• Member since
    April 2003
  • 305,206 posts
Posted by Anonymous on Monday, September 15, 2003 3:51 PM
I would solder most rail joints but not turnouts. Also leave some joints with small gaps for expansion/contraction unless you have a controlled environment. Basements generally change temperature with the seasons. You could buy some brass sectional track and practice your soldering on them. Be sure to use a small (20-25 watt) soldering iron so you don't melt all the ties.
  • Member since
    August 2003
  • From: Pittsburgh, PA
  • 208 posts
Posted by preceng on Monday, September 15, 2003 7:21 PM
Definately use seperate power packs for the accessories, particularly the turnouts. If you use the same pack for turns and cab power, the train hesitates wen you throw a switch for the turnout. It will drive you nuts
Allan B.
  • Member since
    August 2003
  • From: Pittsburgh, PA
  • 208 posts
Posted by preceng on Monday, September 15, 2003 7:21 PM
Definately use seperate power packs for the accessories, particularly the turnouts. If you use the same pack for turns and cab power, the train hesitates wen you throw a switch for the turnout. It will drive you nuts
Allan B.
  • Member since
    September 2002
  • From: Nova Scotia, Northumberland Shore
  • 2,479 posts
Posted by der5997 on Monday, September 15, 2003 9:29 PM
Soldering is not as hard as it may seem to you right now. The low power (20 -30 Watt) iron is a good choice. Practice a bit on thngs that are more or less scrap anyway , the brass rail tip sounds pretty good to me. Ties won't melt if you are quick, and if you pack some wetted facial tissue around the joint you are soldering, they won't melt at all. Fancy name for the tissue is a heat sink. (when you get into building your own circuits, and don't laugh, I started out knowing beans about soldering and have built a few circuits that actually work. If I can, I'm sure you can [:)], you'll need more specialized heat sinks, but the tissue will do fine for now.)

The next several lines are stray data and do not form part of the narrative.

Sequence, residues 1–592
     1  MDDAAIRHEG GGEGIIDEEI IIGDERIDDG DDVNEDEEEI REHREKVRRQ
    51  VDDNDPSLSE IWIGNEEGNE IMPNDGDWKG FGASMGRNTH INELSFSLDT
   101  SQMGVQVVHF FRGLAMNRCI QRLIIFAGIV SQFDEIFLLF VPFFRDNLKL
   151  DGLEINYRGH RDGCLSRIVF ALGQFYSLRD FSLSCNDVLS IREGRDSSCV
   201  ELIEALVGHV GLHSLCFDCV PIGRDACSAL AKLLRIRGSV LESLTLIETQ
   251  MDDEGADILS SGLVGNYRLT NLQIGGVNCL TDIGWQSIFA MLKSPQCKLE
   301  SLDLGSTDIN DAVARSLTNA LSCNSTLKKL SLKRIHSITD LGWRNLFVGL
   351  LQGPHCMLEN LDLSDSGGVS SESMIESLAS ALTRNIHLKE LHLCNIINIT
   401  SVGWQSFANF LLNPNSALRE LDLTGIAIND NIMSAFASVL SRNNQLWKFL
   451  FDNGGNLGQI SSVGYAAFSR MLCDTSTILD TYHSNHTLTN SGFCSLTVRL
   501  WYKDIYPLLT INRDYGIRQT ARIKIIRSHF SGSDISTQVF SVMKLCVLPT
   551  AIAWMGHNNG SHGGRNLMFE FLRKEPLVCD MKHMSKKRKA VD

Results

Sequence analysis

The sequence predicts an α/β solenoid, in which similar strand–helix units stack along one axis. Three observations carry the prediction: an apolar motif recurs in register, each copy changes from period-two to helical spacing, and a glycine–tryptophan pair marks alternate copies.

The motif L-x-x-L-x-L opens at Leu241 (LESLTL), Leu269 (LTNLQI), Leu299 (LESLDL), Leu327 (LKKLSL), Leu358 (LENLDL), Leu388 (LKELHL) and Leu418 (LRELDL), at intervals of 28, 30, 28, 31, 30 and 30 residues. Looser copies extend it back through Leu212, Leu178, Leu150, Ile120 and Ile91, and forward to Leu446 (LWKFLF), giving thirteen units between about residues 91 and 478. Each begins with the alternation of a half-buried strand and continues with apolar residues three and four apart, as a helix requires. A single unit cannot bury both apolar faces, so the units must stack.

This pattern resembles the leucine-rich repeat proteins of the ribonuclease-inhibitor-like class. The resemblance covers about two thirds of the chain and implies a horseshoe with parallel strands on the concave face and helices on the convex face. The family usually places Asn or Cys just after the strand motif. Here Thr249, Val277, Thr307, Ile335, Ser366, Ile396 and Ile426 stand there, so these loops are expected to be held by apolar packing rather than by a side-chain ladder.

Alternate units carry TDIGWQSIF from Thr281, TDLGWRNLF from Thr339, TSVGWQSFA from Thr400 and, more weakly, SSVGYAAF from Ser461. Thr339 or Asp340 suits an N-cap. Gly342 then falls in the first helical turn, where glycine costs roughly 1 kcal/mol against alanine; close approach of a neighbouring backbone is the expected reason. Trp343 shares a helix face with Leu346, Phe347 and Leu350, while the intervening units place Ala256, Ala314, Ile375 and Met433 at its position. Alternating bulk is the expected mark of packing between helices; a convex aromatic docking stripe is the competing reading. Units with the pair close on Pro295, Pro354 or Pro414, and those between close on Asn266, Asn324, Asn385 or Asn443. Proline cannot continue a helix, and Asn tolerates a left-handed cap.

One thing you can do to make it easier to solder the power feeders, is to solder the feeder to the rail joiners. How? Fancy way first. With a razor saw cut the middle of one side of a joiner in two places so that you can pry out the cut section as a tab. Solder the feeder to the tab. Slide the joiner onto the rails, and mark where the tab comes. Drill a hole in the road bed and sub roadbed at that spot. Remove the joiner, bend the feeder wire at 90 degrees, push it down the hole, and attach the joiner to the rails again. Solder the joiner to the rails. The heat sink this time is to prevent your feeder from coming off the tab.
Less fancy way. Solder the feeder to the bottom to the joiner. Getting the heat sink to prevent the feeder from unsoldering if you are slow in your rail joiner soldering work is trickier with this technique.
Have fun!

"There are always alternatives, Captain" - Spock.

  • Member since
    September 2002
  • From: Nova Scotia, Northumberland Shore
  • 2,479 posts
Posted by der5997 on Monday, September 15, 2003 9:29 PM
Soldering is not as hard as it may seem to you right now. The low power (20 -30 Watt) iron is a good choice. Practice a bit on thngs that are more or less scrap anyway , the brass rail tip sounds pretty good to me. Ties won't melt if you are quick, and if you pack some wetted facial tissue around the joint you are soldering, they won't melt at all. Fancy name for the tissue is a heat sink. (when you get into building your own circuits, and don't laugh, I started out knowing beans about soldering and have built a few circuits that actually work. If I can, I'm sure you can [:)], you'll need more specialized heat sinks, but the tissue will do fine for now.)